Cavalier MK2

35 Auburn 851 Cabriolet barn find

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This Auburn Custom 8 851 Dual Ratio Cabriolet was entombed years ago and last on the road in the early 1950s. It was my Dad's postwar after college daily driver for awhile. The condition is rough with some rust in the floors, running boards, bottom of drivers door etc.... It is complete, we jacked it up onto stands and found the wheels aren't frozen. The chassis seems solid with no protests over the lifting. We have offers in the $12,000 range and are running this ad for a few weeks to see if anyone else is interested? Send me a PM or email to wyrdboats@gmail.com. The car is located in the South Puget Sound region of Washington State out in the country between Olympia and Tacoma. Be patient, I will get back to everyone but it can take a couple of days with my schedule. The buyer will have to arrange their own transportation.  Viewing can be arranged by appointment.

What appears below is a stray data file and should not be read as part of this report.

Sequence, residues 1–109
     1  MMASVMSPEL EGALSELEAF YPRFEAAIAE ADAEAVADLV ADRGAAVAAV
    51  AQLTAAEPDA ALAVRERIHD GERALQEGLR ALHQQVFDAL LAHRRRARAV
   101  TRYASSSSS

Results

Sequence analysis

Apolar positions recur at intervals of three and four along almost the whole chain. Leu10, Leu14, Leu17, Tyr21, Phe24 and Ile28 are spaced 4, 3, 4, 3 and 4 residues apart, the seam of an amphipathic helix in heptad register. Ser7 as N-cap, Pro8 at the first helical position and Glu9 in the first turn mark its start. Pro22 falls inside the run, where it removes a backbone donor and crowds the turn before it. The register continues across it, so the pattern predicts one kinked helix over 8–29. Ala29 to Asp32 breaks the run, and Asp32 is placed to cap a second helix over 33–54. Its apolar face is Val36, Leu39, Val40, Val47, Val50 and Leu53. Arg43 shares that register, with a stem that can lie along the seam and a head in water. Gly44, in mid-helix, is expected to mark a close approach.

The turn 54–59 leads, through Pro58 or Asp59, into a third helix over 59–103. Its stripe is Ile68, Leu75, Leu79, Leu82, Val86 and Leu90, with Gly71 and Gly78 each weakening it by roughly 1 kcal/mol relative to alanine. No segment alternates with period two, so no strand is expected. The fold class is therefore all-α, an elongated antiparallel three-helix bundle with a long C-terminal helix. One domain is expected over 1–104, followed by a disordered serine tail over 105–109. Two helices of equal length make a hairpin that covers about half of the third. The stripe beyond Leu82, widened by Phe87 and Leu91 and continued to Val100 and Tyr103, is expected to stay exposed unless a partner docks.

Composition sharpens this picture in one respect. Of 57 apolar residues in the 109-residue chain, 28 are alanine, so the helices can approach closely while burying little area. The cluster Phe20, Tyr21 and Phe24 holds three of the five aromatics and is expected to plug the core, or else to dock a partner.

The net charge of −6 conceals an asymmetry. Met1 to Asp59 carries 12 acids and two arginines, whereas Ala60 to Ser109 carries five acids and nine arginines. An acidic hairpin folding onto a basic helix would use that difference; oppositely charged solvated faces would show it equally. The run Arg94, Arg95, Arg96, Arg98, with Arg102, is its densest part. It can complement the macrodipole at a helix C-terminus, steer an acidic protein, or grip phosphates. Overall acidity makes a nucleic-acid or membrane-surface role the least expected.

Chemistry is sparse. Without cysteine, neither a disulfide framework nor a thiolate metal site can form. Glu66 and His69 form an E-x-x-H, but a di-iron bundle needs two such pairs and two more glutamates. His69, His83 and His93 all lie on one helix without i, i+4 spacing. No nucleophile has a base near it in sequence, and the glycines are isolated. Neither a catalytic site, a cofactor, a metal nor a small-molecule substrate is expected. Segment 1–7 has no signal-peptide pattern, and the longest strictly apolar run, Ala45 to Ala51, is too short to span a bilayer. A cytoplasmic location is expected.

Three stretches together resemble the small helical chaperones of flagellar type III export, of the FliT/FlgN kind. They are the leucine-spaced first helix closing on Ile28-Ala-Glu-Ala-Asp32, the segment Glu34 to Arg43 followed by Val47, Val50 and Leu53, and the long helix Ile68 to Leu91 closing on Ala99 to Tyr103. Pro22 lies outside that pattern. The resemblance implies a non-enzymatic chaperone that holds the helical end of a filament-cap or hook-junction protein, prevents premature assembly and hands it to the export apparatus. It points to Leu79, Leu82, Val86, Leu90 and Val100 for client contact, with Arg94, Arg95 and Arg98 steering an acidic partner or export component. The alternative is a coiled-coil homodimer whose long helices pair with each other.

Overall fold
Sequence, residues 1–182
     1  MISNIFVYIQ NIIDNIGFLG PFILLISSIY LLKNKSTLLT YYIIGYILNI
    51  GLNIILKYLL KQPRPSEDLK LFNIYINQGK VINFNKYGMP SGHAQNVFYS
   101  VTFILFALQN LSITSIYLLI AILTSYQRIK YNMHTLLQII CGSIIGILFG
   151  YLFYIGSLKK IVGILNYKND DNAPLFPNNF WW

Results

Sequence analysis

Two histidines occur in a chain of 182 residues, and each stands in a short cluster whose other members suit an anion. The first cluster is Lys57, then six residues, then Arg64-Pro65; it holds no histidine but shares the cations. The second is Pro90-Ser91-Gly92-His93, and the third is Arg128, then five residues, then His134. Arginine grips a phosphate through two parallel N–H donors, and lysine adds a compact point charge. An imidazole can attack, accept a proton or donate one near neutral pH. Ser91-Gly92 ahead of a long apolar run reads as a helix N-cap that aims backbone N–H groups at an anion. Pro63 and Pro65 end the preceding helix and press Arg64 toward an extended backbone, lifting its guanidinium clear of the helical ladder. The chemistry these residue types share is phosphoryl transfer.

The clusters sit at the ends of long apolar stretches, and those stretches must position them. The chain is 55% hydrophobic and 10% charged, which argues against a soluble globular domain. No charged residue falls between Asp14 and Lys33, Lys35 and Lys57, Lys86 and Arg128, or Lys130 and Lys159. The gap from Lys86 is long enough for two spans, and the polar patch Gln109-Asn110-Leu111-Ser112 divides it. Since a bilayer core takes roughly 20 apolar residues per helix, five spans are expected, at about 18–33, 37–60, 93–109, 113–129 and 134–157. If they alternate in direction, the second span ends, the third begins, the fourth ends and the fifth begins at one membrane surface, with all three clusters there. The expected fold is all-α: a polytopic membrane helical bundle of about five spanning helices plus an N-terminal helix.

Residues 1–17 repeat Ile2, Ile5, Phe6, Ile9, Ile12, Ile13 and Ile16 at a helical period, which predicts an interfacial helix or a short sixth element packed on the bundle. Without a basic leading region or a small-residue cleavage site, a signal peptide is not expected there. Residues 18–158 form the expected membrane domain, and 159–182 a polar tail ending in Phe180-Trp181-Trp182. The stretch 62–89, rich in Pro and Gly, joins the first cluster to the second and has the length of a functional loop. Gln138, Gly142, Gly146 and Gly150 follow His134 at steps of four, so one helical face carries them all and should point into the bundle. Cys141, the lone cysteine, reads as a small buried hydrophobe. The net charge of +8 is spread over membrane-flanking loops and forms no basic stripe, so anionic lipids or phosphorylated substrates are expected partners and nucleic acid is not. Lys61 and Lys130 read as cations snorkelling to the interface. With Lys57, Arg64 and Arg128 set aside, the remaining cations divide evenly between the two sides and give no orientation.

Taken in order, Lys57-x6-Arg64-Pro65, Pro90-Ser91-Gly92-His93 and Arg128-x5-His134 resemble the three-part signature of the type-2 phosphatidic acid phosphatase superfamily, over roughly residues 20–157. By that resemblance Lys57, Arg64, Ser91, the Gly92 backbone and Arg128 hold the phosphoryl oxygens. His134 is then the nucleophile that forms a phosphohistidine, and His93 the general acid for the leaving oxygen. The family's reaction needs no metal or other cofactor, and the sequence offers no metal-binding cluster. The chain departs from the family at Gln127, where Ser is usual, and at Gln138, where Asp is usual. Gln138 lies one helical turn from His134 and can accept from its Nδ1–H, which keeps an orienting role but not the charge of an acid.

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Edited by Cavalier MK2 (see edit history)
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trimacar    524

Thanks for posting this, very interesting car.  Bad storage but I've seen worse, and someone will fall in love with it....great cars.....and best of luck finding a good home for it, know you will....based on condition I'd think mid-teens is the best you'll do, expensive restoration there, even with someone doing a lot of their own work...

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Thanks guys, a good home is what I'm hoping for. Nobody in the estate is equipped to do the work but somebody will want to. The storage wasn't great, the car was literally walled in and forgotten for the most part but it makes for an interesting archaeological find of a daily driver used until the 50s.